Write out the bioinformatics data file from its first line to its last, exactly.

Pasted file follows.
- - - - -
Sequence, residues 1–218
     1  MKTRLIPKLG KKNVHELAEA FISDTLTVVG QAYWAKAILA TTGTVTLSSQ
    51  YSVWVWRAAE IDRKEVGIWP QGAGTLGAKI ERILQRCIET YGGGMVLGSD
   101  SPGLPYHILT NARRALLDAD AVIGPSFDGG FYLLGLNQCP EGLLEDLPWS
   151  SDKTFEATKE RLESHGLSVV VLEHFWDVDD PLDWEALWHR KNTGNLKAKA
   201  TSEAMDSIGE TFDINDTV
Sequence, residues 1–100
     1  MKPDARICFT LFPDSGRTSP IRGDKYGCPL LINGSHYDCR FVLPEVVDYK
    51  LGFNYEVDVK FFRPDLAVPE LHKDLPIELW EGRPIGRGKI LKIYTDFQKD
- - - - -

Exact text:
Sequence, residues 1–218
     1  MKTRLIPKLG KKNVHELAEA FISDTLTVVG QAYWAKAILA TTGTVTLSSQ
    51  YSVWVWRAAE IDRKEVGIWP QGAGTLGAKI ERILQRCIET YGGGMVLGSD
   101  SPGLPYHILT NARRALLDAD AVIGPSFDGG FYLLGLNQCP EGLLEDLPWS
   151  SDKTFEATKE RLESHGLSVV VLEHFWDVDD PLDWEALWHR KNTGNLKAKA
   201  TSEAMDSIGE TFDINDTV
Sequence, residues 1–100
     1  MKPDARICFT LFPDSGRTSP IRGDKYGCPL LINGSHYDCR FVLPEVVDYK
    51  LGFNYEVDVK FFRPDLAVPE LHKDLPIELW EGRPIGRGKI LKIYTDFQKD